Friday 22 April 2022

Customizing Ubuntu ISOs: Documentation and examples of how to use 'isorespinner.sh'

 


isorespinner.sh

This script is a ​progression of 'isorespin.sh'. Whilst 'isorespin' was created to support Ubuntu and similar Linux distributions on mini PCs, some of the functionality that was developed is now unused. Additionally with ​Canonical now trialling a new ​Ubuntu ​desktop installer and the ISO using a new multi-layer filesystem, rather than hack the ​earlier code to coerce compatibility I'​ve​ developed a new script ​which I've called ​'isorespinner.sh' ​and provides the most useful features and ​addresses the functionality that is ​now relevant to​ ​respinning.

The syntax of the new script is as follows:

Usage: isorespinner.sh [ -h | -v | --check ]
       isorespinner.sh -i <ISO> [ -w <directory> | -u | -k <kernel> | --dist-upgrade | --upgrade | --interactive | --all | --disk | --debug | ...
       isorespinner.sh ... -b [ GRUB-32 | GRUB-64 ] | -g [ "" | "<kernel boot parameter> ... " ] | c "<cmd> ... " | ...
       isorespinner.sh ... --key "<repo> ... " | -r "<repo> ... " | -p "<pkg> ... " | -l "<pkg.deb> ... " | -e "<pkg> ... " | -f [ "<file> | <directory> ... " ]

with a lot of the options unchanged from their previous functionality as described here.

The primary significant difference between 'isorespin.sh' and 'isorespinner.sh' is that the new script no longer adds a GRUB 32-bit bootloader by default so ​the option '-b GRUB-32' ​should be used ​if ​it is ​required. Secondly along with removing redundant options, the GUI interface has been dropped so options can only be specified using the command line​. ​As a result ​all ​the previous functionality can be replicated using the current options. The prerequisite dependencies are the same as before and if not installed the script will identify any that are required.

The new script includes two new features​:

  1. The script tries to run using memory for the temporary files to alleviate continuous read/writes to storage ​and thereby​ reduce drive wear. ​However to exclude running in memory​ ​the option '--disk' ​should be specified ​especially if using the script for large and complex respins as currently it is possible to exceed the initial memory allocation ​which ​results ​in running out of 'virtual' space. 
  2. ​The other key new feature is the support for multi-layer filesystem ISOs such as the new canary Ubuntu Jammy 22.04 ISO. However due to the nature of how such ISOs uses layers, respinning becomes somewhat dependent and/or specific to the individual layers​.​ The default language layer is derived from the 'LANG' shell variable or ​set ​as 'English' if either ​the variable is unset or set to 'C.UTF-8'. A different language layer, assuming it is already​ ​supported​ by the ISO​, can be respun by prefixing the respin command with the required 'LANG' variable, so for Spanish for example, use 'LANG=es isorespinner.sh -i ...​'​. If all language layers require respinning​ then ​use the option '--all'. Currently only a 'normal' installation is supported as the 'minimal' installation has not ​yet ​been ​investigated.

Looking at invocation, a good example of why 'isorespinner.sh' is required is the back-porting of the Intel P-State driver fix for Intel Alder Lake processors. Currently the brand new Jammy ISO ships with Linux kernel version 5.15.25 which results in poor performance on Alder Lake due to ITMT support for with P and E core selection. However the Linux kernel version 5.15.35 includes this back-ported fix and this can be incorporated into a respun ISO by using the option '-k v5.15.35' which will then use the Canonical build of the Mainline Test tree prior to the kernel filtering through the kernel rollout process.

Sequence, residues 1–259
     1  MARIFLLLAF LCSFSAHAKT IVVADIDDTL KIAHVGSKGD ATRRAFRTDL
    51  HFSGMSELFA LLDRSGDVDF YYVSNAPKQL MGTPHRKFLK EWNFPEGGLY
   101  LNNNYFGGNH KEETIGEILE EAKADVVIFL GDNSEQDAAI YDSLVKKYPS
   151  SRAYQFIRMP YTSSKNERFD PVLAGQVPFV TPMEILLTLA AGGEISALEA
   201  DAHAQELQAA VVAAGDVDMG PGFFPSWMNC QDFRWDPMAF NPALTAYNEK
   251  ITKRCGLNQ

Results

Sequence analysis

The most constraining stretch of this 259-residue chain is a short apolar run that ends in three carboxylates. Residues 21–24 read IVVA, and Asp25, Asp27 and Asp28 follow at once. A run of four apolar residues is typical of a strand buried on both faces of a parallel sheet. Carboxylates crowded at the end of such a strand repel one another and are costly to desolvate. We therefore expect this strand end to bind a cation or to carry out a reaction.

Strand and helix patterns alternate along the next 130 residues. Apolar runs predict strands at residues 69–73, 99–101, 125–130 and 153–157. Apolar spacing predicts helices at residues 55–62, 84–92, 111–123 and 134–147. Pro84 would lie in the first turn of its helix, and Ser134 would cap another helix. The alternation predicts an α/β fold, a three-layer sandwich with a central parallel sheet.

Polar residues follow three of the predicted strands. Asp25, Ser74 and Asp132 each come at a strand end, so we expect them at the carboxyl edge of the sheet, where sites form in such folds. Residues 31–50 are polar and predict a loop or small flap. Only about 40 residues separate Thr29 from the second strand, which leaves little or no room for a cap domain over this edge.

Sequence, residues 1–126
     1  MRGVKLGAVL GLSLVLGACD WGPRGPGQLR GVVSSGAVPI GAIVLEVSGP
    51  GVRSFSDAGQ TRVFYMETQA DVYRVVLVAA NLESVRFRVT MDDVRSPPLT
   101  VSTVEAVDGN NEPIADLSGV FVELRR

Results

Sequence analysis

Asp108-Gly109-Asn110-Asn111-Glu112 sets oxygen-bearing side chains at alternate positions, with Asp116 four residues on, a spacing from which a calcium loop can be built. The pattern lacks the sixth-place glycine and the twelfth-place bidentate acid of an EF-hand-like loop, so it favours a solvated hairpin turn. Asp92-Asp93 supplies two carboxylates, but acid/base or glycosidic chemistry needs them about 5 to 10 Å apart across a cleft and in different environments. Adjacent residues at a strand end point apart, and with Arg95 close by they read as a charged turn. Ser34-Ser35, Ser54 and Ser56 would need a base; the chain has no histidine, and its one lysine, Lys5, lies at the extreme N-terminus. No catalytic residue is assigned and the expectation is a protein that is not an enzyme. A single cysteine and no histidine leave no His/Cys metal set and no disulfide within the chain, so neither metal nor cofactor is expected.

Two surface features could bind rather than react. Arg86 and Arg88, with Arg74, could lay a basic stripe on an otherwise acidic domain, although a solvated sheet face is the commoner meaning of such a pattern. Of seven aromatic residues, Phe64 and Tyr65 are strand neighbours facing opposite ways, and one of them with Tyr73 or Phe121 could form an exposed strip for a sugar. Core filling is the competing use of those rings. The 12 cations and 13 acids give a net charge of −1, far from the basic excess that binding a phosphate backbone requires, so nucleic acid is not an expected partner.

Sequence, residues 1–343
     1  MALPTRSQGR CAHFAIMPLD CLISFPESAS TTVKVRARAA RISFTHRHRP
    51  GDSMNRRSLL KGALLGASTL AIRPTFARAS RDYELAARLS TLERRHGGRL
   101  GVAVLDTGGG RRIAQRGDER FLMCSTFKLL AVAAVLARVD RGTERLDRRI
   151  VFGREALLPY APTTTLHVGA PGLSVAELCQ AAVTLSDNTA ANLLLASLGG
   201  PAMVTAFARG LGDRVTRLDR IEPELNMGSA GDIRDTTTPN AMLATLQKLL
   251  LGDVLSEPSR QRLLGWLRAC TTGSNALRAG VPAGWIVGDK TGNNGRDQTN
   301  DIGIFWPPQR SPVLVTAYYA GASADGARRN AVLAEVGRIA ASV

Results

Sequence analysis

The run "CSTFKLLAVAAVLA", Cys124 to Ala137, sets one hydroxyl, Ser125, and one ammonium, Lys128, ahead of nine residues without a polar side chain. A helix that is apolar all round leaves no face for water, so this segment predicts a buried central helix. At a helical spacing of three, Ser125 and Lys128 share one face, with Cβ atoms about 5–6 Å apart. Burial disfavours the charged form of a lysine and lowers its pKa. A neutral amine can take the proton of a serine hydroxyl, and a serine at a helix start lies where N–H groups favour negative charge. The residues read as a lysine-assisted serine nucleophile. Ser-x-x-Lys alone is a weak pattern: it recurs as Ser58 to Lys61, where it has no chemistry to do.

Whilst before it was possible to respin an ISO suitable for Intel Atom processors using the single '--atom' option, now the various components have to be first downloaded and respun as specific options e.g. '-b GRUB-32 -l rtl8723bs_4.12.0_amd64.deb -f linuxium-install-UCM-files.sh -f wrapper-linuxium-install-UCM-files.sh -f linuxium-install-broadcom-drivers.sh -f wrapper-linuxium-install-broadcom-drivers.sh -c wrapper-linuxium-install-UCM-files.sh -c wrapper-linuxium-install-broadcom-drivers.sh' as the '--atom' option has been depreciated. For reference these are the 'atom' files:

rtl8723bt_4.12.0_amd64.deb (used when the linux-firmware package is at least version 1.169)
rtl8723bs_4.12.0_amd64.deb (used for earlier versions of the linux-firmware package)
linuxium-install-broadcom-drivers.sh
linuxium-install-UCM2-files.sh (used for ISOs 20.04 and up - rename as 'UCM' without the '2')

I​'ve​ also found that the new multi-layer filesystem ​ISO ​was too 'heavy' for very low-powered Intel mini PCs​. However with a minimum configuration of a Cherry Trail processor ​and 2GB memory​ and some​ specific respinning, both usage and installation was possible. Even then ​an Intel Compute Stick struggled ​but using ​a respun ISO with ​the options '-b GRUB-32 -g intel_idle.max_cstate=1 -g fsck.mode=skip -p lz4 -c "sed -i 's/^COMPRESS=zstd/COMPRESS=lz4/' /etc/initramfs-tools/initramfs.conf"' prevent​ed​ ​both ​freezing during installation and ​also ​running out of memory when creating a new 'initramfs'.

As this is the initial release inevitably there will be improvements required so please donate if you find the script useful using the following link http://goo.gl/nXWSGf as everything helps with development costs.


47 comments:

Marcel said...

Hi, I want to install Kubuntu 22.04 on an old Atom tablet. Therefore this script would be perfect for me. But it seems that there are some errors in the script (yes I saw that 22.04 is still experimental).
I started the script with the following command (downloaded all files beforehand):
"-i kubuntu-22.04.1-desktop-amd64.iso -b GRUB-32 -l rtl8723bt_4.12.0_amd64.deb -f linuxium-install-UCM-files.sh -f wrapper-linuxium-install-UCM-files.sh -f linuxium-install-broadcom-drivers.sh -f wrapper-linuxium-install-broadcom-drivers.sh -c wrapper-linuxium-install-UCM-files.sh -c wrapper-linuxium-install-broadcom-drivers.sh"